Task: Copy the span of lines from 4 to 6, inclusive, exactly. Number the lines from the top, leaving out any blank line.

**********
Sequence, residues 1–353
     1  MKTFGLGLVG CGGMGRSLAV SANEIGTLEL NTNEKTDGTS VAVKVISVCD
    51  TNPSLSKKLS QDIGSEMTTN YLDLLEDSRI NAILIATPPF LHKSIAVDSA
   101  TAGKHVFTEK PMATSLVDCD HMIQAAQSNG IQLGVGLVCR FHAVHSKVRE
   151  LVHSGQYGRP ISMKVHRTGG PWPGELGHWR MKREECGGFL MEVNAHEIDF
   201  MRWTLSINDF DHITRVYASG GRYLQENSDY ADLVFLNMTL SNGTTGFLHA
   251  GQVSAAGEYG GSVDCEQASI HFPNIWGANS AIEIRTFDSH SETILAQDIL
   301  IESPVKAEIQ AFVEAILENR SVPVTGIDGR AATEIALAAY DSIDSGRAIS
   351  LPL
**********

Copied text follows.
   101  TAGKHVFTEK PMATSLVDCD HMIQAAQSNG IQLGVGLVCR FHAVHSKVRE
   151  LVHSGQYGRP ISMKVHRTGG PWPGELGHWR MKREECGGFL MEVNAHEIDF
   201  MRWTLSINDF DHITRVYASG GRYLQENSDY ADLVFLNMTL SNGTTGFLHA